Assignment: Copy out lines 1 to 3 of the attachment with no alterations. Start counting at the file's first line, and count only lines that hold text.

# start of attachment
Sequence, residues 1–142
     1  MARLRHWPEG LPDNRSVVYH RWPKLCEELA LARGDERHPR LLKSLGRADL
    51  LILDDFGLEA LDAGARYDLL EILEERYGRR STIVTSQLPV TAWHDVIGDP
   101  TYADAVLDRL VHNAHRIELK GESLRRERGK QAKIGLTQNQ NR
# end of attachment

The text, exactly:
Sequence, residues 1–142
     1  MARLRHWPEG LPDNRSVVYH RWPKLCEELA LARGDERHPR LLKSLGRADL
    51  LILDDFGLEA LDAGARYDLL EILEERYGRR STIVTSQLPV TAWHDVIGDP